“How are you getting on?” one of them asked, concerned sympathy scrunching his face.
“Okay,” I said. “It’s just time. Time is helping.”
“I suppose it’s been, what, a year now?” another asked, more sympathy.
I nodded. “More than a year,” I said.
Fourteen months and three days. I didn’t tell him that, and I didn’t tell him that you were lying in the corner, picking veins out of your arms like they were spaghetti. God that was disgusting. Why were you doing that? You were just making your poor arms worse. I had to leave after I saw you doing that. I made my apologies and everyone understood, assuming I was still fragile, not yet up to it. But I was just embarrassed, more than anything. I felt like I was party to some massive social faux pas, what with you bleeding everywhere from your ruined arms and your now gangrenous legs looking so putrid.
It was never like this before. It used to be that it was more likely to be me embarrassing you. But I never bled on any of your friend’s floors. I never did that to you, at least.
I held the taxi for you. I pretended that I was waiting for a friend until you hauled yourself in, pretended to get a text on my phone telling me to leave without them. I stared out the window the whole way home, pointedly not looking at you, like when we used to fight and I wanted to make you feel bad. I don’t think you felt bad, though. I don’t think you feel anything, generally. Well, I hope you don’t anyway. I can’t imagine the pain you’d be in otherwise.
So now I’m home and I’m sitting here and I’m writing this all out, trying to make it make some sort of sense. I read it back and it really doesn’t make any, but I feel a little more level anyway. I think I’ve let this go on too long, that’s the conclusion I’m coming to. You can’t even get up the stairs now. I can hear you down there, lying on the floor and flailing at the bannister. I don’t think you can grip anything after what you did to your veins. You must have torn out some nerves or something. I had to reach across in the taxi to open the door for you and push you out because you were so weak and slow and ineffectual. You felt cold when I touched you, like a breast of chicken straight from the fridge. It wasn’t pleasant.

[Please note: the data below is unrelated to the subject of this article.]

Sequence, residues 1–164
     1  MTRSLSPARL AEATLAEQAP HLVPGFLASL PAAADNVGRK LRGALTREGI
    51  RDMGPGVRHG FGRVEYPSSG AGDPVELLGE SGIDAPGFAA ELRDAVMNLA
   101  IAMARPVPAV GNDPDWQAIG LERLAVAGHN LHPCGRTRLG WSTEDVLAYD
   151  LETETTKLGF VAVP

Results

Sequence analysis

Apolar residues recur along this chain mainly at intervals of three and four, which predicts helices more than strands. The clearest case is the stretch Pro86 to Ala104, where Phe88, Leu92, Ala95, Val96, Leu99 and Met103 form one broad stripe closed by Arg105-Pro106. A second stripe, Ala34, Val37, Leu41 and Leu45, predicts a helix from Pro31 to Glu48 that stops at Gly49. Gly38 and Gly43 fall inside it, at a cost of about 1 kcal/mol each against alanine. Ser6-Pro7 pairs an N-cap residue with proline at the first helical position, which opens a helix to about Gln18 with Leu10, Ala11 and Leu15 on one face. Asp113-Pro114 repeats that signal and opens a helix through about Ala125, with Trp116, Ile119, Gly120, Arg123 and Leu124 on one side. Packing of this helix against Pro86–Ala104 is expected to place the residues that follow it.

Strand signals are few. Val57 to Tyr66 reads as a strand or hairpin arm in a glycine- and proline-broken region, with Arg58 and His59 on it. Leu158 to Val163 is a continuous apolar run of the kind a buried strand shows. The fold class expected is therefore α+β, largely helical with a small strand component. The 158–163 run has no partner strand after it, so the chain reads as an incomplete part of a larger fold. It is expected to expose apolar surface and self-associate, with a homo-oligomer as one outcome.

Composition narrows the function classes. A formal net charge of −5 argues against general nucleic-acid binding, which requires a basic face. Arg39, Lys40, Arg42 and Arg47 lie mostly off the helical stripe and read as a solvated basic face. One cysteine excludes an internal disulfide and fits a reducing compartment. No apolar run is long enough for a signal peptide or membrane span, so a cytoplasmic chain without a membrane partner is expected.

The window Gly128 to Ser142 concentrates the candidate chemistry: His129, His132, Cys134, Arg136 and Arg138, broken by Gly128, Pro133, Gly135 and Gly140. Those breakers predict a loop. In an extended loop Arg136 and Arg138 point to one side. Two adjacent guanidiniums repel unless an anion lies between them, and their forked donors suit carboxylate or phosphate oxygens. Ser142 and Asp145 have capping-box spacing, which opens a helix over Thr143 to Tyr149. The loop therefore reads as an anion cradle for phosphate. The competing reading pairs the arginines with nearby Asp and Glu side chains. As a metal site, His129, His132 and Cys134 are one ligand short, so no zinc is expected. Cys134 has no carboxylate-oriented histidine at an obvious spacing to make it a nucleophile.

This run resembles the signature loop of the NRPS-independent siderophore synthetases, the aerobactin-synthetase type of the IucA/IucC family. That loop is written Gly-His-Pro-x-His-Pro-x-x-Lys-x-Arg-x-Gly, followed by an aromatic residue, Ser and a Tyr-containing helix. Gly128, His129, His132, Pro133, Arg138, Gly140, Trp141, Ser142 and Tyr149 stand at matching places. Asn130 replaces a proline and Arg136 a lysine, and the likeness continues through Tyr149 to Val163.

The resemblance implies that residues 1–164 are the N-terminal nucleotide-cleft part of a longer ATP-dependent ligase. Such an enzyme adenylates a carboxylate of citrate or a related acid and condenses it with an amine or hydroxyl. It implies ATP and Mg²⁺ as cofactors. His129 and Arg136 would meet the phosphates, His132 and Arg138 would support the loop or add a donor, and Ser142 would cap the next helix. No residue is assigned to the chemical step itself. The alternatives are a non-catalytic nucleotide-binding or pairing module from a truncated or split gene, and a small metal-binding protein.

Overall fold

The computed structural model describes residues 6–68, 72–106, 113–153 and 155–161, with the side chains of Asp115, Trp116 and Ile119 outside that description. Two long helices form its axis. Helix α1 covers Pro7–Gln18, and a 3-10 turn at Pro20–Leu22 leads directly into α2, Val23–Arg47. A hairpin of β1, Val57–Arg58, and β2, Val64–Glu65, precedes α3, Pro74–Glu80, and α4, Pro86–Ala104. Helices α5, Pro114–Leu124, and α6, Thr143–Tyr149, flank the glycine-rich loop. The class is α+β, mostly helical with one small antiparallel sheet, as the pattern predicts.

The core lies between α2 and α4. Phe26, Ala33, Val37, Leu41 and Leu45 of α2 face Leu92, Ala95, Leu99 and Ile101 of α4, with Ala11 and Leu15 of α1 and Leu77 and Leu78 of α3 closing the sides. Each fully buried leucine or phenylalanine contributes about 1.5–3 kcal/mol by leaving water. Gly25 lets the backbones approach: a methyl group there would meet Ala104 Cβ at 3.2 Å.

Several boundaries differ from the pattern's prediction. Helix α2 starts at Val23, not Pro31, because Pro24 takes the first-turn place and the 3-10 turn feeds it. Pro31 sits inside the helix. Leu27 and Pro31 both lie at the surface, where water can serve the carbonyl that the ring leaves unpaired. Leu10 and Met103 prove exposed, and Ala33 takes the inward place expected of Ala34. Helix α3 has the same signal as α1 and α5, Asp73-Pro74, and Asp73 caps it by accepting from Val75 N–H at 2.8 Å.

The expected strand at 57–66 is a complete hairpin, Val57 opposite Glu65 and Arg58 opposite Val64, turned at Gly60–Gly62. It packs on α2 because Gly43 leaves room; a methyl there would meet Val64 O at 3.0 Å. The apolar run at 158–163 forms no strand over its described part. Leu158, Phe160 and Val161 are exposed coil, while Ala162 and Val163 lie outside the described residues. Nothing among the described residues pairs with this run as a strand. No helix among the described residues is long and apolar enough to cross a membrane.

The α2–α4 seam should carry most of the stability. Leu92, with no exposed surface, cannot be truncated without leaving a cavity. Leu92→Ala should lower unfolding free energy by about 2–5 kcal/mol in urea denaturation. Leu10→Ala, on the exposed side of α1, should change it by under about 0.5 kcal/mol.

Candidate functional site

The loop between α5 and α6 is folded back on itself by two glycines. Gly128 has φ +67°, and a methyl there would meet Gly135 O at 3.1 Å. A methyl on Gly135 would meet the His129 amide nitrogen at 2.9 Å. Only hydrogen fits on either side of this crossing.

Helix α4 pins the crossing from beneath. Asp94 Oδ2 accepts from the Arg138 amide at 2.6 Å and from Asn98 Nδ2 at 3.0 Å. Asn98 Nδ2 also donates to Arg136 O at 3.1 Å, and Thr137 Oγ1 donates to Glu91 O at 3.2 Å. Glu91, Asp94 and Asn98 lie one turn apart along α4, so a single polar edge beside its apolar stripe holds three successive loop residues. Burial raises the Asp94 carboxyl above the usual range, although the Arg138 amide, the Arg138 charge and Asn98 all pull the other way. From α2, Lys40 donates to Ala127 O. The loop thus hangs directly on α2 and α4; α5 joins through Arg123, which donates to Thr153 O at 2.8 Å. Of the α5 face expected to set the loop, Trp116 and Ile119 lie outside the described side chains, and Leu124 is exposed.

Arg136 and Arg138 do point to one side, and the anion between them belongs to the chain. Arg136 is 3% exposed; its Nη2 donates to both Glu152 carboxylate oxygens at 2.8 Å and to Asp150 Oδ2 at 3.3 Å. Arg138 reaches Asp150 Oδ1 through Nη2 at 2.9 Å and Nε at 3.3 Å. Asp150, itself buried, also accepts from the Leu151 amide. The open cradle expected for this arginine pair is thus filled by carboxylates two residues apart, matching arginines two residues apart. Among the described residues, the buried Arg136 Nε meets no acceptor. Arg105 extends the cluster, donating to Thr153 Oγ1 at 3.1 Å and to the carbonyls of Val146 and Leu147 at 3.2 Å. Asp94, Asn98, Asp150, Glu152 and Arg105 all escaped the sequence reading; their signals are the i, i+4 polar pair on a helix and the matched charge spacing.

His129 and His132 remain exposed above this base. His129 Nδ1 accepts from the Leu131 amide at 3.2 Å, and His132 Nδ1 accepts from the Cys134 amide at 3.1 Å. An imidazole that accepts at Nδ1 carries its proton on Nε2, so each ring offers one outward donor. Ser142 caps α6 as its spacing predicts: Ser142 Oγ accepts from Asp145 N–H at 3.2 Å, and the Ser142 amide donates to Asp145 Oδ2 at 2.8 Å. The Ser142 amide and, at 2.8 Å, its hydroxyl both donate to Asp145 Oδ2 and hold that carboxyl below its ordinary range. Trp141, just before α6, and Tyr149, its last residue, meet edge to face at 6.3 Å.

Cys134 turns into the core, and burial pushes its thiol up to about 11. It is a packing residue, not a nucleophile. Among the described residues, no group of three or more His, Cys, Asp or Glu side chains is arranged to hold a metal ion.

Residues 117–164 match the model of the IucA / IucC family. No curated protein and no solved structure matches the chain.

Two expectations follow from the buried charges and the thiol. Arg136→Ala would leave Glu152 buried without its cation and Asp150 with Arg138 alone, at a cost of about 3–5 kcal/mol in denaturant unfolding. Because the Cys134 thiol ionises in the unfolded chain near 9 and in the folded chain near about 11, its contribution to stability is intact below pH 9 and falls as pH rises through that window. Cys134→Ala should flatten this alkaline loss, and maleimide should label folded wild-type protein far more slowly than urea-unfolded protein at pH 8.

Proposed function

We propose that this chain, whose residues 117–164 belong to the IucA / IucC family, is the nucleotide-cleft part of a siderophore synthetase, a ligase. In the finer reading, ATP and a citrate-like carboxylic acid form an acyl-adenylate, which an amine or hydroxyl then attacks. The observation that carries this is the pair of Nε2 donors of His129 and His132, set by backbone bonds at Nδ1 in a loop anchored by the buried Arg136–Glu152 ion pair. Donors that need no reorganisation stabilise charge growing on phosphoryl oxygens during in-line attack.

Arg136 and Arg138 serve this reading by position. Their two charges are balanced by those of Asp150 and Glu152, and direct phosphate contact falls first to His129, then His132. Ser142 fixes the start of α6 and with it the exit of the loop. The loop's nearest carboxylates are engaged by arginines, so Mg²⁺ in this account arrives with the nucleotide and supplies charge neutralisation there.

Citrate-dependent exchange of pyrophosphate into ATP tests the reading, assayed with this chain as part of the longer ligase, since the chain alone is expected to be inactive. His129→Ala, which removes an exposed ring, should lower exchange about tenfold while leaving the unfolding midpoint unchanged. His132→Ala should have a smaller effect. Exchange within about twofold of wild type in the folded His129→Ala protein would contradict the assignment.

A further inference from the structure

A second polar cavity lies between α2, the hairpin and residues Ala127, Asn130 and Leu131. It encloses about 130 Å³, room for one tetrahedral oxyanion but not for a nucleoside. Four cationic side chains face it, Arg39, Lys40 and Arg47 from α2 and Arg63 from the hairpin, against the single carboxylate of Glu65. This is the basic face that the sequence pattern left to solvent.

I don’t know what the taxi driver thought of this display. He didn’t say anything. No doubt he’s seen weirder things happen in his cab than a girl pretending to push something out of it. He took off pretty quickly though, but that may just be because he had another job to get to, not because I’d freaked him out. I think he ran you over a bit in the process. It sure sounded like it, but I didn’t look back to see. You’d embarrassed me enough for one night.
Maybe if I don’t look, I’ll stop seeing you.
Maybe if I plug my ears, I’ll stop hearing you.
Maybe if I go far enough away, you won’t follow.
This morning when I woke up you weren’t beside me. You weren’t even in the room. I put my dressing gown on and went into the hall and saw that you were still at the bottom of the stairs. You’d given up trying to get up them and fallen asleep, apparently. You were face down and your breathing sounded like someone trying to pump up an inflatable mattress filled with slushy meat.
I went about my morning, showering and getting dressed and making breakfast, and all the while you didn’t stir. It was strange because usually you were so tied to me, so in tune with me, as if we shared some sort of neural connection or something. But you didn’t stir no matter what I did. It was very suspicious.
Finally I stood above you and said your name over and over, louder and louder, but still you lay there with your eyes closed, dragging air into your rotten shell. I got impatient and kicked you and my foot went right through the side of your torso. It got stuck there and I had to wriggle it around to get it back out. When I finally did, I took part of your ribcage with me. And still you didn’t wake up. I’d just ruined half the structure of your chest and you just lay there, sleeping as if nothing had happened.